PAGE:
#UKRAINERUSSIAWAR. Putin’s Economic Warfare


Alongside the military attacks, the Shoigu-Lavrov-Putin trio has set up a real war economy. A strategy not aimed at maintenance and survival but at development. Moscow is trying to profit from a conflict that in Western eyes on 24 February was unimaginable, but which the Russians had most likely hypothesised and studied.

After taking over Ukraine’s energy sources: nuclear power plants, power substations, dams, mines, control and management of gas pipelines – which it already had before 24 February – there are now many economic initiatives under consideration and above all, what will go down in history as the battle of wheat is underway. Because of the conflict, Ukraine will harvest 35% less wheat this year, but even more seriously, it will be difficult to get it out of Ukraine.

On the front pages of all the newspapers is the fact that Putin has proposed to Biden that sanctions be lifted in exchange for Ukrainian grain, and that the latter has already said no. Meanwhile, the UN has let it be known that the world will run out of grain in 10 weeks. And still in the headlines is British Prime Minister Johnson’s initiative to escort ships loaded with grain from Ukraine.

The routes for transporting grain outside Ukraine’s borders are by land, by train and by water, from the ports. The Russians made it known on 27 May that in order to ensure the safe exit of foreign ships from the ports of Odessa, Nikolaev, Chernomorsk, Kherson, Ochakov and Yuzhny to the open sea, the Russian Armed Forces made changes to the route of the humanitarian corridor, which had been operating since 27 March 2022 in the Black Sea.

As of 27 May 2022, the Maritime Humanitarian Corridor is a 139-nautical mile sea route with a 3-mile lane. The corridor operates daily from 08:00 to 19:00 Moscow time. The collection area is bounded by the coordinates: 46°09´N 31°00´E; 46°09´N 31°08´E; 46°04´N 31°08´E; 46°04´N 31°00´E. Further through the points: No. 1 with coordinates 45°40´N. 31°35´E; No. 2 with coordinates 45°08´N. 31°35´E; No. 3 with coordinates 44°18´N. 0°22´E. The melting area is bounded by the coordinates: 44°18´N. 30°18´E; 44°18´N 30°26´E; 44°13´N 30°26´E; 44°13´N 30°18´E

The Ukrainian side is in charge of ensuring the safety of ships leaving the ports and heading towards the assembly area. The news comes directly from the head of the Russian Federation’s interdepartmental coordination headquarters for humanitarian response – Head of the National Defence Control Centre of the Russian Federation, Colonel General M. Mizintsev. Lest there be any misunderstanding, for those who disagree with the Russian choices, as an act of demonstration, as to who controls the sea near the Ukrainian borders, the Russian fleet organised on 26 May, a large-scale demonstration of amphibious assault ships in the northern part of the Black Sea and also carried out rescue work on Snake Island.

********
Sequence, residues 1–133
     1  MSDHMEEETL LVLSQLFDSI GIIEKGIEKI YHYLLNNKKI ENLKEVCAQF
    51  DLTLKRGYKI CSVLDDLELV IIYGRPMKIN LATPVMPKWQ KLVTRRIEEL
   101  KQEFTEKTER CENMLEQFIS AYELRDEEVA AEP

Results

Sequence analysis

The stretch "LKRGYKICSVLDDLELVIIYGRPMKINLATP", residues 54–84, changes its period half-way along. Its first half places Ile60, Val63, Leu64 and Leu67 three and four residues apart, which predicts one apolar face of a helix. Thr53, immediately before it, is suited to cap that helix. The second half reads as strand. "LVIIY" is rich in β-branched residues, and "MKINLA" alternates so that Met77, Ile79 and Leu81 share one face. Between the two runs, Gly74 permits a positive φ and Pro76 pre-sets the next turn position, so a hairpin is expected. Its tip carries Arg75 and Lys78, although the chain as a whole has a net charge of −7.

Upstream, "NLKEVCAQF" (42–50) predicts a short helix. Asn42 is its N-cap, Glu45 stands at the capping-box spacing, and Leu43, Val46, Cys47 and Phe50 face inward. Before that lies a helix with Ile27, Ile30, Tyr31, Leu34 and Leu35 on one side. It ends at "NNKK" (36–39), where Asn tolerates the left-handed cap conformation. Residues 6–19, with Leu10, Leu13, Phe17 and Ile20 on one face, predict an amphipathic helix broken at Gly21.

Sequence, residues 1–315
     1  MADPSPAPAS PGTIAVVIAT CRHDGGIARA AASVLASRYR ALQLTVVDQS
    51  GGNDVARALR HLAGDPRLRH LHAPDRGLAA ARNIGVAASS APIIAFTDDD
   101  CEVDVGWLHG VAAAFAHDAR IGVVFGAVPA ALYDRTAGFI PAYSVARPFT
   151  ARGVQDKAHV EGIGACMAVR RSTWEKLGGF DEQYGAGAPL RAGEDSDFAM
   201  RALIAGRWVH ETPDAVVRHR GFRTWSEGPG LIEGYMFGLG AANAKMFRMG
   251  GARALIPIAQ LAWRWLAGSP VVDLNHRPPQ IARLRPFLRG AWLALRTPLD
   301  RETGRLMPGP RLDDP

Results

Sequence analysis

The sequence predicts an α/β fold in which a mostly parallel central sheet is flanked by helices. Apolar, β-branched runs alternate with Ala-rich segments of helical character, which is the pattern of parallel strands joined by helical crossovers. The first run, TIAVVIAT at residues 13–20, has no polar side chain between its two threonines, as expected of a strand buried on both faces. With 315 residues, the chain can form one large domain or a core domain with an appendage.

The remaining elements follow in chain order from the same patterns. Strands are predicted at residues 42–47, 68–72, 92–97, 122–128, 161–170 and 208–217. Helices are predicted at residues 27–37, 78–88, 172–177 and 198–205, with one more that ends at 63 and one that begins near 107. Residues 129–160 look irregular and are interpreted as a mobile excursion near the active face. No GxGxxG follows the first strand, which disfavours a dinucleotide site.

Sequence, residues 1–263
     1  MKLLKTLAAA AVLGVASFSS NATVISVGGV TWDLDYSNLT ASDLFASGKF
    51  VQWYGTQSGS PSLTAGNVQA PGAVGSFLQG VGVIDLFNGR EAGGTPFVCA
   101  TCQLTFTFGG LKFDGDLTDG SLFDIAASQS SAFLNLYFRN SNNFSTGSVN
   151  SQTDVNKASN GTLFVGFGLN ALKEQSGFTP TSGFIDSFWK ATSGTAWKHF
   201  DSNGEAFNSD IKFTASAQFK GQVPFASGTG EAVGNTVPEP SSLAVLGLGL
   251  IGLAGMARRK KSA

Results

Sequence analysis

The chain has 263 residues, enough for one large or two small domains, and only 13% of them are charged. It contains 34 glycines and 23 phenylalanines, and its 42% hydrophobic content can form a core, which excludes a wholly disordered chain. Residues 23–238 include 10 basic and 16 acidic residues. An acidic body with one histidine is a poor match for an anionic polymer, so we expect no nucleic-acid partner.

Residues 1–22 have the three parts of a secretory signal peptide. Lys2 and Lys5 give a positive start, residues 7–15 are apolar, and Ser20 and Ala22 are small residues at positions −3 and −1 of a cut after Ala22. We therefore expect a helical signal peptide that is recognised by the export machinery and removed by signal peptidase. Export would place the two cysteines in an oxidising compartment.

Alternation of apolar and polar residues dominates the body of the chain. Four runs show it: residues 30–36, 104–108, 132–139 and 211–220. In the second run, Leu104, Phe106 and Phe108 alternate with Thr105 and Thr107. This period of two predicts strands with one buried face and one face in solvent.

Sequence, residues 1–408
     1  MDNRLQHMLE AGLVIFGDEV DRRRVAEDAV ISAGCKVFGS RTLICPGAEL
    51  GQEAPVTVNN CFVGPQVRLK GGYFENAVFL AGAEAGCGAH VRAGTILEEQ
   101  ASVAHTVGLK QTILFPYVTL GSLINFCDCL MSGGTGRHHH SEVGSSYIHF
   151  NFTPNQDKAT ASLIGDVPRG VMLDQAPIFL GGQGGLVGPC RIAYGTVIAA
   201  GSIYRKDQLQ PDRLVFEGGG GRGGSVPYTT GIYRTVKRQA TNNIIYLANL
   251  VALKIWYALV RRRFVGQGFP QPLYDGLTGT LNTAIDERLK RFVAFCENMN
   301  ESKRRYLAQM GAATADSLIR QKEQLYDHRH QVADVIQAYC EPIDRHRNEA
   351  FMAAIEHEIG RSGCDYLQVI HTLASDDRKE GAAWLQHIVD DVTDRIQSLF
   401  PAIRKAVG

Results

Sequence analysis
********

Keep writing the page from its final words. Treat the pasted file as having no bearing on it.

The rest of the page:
Basically, there are two active corridors. The ships that were previously held in the Azov militants’ roadstead in Mariupol will therefore leave one at a time. The second corridor was created for ships stranded in Odessa, Nikolaev, Ilyichevsk and other ports on the south-western coast of Ukraine. It was these ships that most interested Westerners, who accused Russia of blocking Ukrainian ports, preventing the export of Ukrainian grain, and causing a rise in food prices in the EU and a shortage of grain in the world. Recall that there are more than 70 foreign ships, including large bulk carriers (over 100 m long) waiting to leave the port of Odessa, Nikolaev.

The Russians therefore control and will control all ships to and from the rest of the world leaving Ukraine. Let us also recall the Ukrainian failure to retake the Russian-controlled island of Serpents on 7-8 May, and again a Russian advance towards Odessa is expected in the coming weeks, and certainly not by sea, should this happen – the taking of Odessa – Russian control will be over all the most important ports and on the sea. The Ukrainians then, in their single-minded thought of blocking the enemy have mined many sea areas and the mines are now beginning to move towards the Bosporus to the disappointment of the Turks and making navigation even more difficult.